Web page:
Red Colorants

Red Ochre

Red Ochre is an earth pigment containing iron molecules.“The iron molecules in red ochre paint align themselves with magnetic north and when the paint has dried, the direction of the iron molecules can be used to date any artwork that is still in the exact location in which it was first painted (i.e. frescos)" (Zagorski, 2007). Red Ochre has been mined in many places, most notably Western and Southern Australia, Spain, Roussillon and Luberon in France, the Tuscany region of Italy, and the Great Lakes Region in the United States. In ancient times, red ochre was used in religious ceremonies, including burials. Because red ochre is non-toxic it has a history of being used as body paint in many cultures.

Zagorski, M. (2007).  The Geography of Significant Colorants: Antiquity to the Twentieth Century. Retrieved from George Mason University Dissertation and Thesis Services.

Carmine Lake

The kermes insect is a cousin of cochineal. It lives and feeds on the leaves and branches of Mediterranean oak trees, known as kermes oaks, rather than cacti that cochineal prefer. The Ancient Egyptians crushed the kermes insect in to make a red dye, which they added to a colorless powder to create carmine lake. The dyestuff was largely produced in the Mediterranean region, where the insects were readily available. Though the color crimson was named after the dye produced by the kermes insect, its popularity as a red colorant was eventually surpassed by cochineal.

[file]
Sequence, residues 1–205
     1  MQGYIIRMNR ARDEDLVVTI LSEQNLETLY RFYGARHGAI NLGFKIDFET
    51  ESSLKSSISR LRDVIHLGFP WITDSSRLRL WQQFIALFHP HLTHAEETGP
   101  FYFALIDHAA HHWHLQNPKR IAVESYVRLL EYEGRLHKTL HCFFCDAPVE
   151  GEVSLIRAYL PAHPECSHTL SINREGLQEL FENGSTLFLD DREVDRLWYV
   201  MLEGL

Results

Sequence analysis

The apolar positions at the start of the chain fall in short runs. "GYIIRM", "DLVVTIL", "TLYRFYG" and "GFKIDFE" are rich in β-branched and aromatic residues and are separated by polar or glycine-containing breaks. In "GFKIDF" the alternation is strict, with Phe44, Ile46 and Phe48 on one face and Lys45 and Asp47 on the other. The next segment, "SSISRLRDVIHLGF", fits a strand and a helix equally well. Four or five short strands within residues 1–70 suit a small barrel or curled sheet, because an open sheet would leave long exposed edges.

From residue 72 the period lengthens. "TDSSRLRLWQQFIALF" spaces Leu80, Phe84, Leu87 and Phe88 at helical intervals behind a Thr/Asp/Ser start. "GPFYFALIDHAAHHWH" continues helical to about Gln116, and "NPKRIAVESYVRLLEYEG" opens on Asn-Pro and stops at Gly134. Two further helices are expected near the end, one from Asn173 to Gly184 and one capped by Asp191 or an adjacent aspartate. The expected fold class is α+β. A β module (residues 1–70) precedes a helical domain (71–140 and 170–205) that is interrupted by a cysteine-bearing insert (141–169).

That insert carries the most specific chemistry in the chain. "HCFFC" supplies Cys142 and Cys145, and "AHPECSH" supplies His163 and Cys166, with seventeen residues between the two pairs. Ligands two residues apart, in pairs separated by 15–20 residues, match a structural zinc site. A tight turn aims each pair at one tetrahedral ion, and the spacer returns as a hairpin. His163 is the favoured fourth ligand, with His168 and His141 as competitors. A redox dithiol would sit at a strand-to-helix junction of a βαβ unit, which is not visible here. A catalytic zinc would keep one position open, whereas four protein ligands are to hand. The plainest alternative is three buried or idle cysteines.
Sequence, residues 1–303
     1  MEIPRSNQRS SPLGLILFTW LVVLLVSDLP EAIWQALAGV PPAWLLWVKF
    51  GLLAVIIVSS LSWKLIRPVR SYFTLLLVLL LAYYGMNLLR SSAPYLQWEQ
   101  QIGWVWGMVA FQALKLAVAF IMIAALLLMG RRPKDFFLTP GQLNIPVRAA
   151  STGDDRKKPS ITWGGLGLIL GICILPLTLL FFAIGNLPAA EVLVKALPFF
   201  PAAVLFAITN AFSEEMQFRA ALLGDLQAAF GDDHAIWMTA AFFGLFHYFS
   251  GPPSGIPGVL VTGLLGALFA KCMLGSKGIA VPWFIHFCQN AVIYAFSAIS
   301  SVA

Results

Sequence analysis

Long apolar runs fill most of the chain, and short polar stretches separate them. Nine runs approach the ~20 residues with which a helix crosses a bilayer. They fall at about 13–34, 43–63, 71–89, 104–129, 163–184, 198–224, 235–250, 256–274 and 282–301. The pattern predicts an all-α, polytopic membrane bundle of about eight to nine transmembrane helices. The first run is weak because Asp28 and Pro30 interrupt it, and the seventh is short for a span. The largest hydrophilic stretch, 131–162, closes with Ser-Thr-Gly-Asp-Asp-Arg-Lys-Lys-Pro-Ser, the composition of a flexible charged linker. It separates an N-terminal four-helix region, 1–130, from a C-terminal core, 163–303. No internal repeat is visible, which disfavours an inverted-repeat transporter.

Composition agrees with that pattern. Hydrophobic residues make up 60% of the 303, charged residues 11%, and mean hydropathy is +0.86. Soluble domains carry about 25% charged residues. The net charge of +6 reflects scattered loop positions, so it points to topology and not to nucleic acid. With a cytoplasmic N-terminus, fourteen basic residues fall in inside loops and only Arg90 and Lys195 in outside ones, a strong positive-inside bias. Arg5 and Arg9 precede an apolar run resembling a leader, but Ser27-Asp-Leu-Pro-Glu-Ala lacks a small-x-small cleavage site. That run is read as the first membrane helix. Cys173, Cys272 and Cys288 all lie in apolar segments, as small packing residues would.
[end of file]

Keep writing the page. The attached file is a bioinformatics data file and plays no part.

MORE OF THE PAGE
The female Dactylopius coccus, or the cochineal insect, contains the important dye ingredient carminic acid. Carminic acid is extracted from egg bearing female insects by crushing them. Cochineal insects were originally found and later cultivated in Mexico and Peru, where they feed on prickly pear cacti. Cochineal is currently cultivated in South Africa and the Canary Islands, while Mexico, Peru, Bolivia and Chile remain major exporters. In the 19th century CE, cochineal cultivation was established by the Dutch on Japanese soil to boost their economy. Traditionally cochineal dye was used to color fabric and fiber. Today, the dye is used worldwide as a red colorant in food and cosmetics.



Red Ochre Pigment


Flowing Map Showing Movement of Lake Superior Iron Ores and of Eastern and Imported Ores With Locations of Consuming Furnances of the year 1951


The Cave of Lascaux: The Final Photographs


Kermes on a Tree


A Pictorial Map of Egpyt Showing Some Regional Resources, Products, Monuments, & National Features


Cochineal Pigment




Mapa de la Produccion del Peru Ediciones Complementarias Escolares

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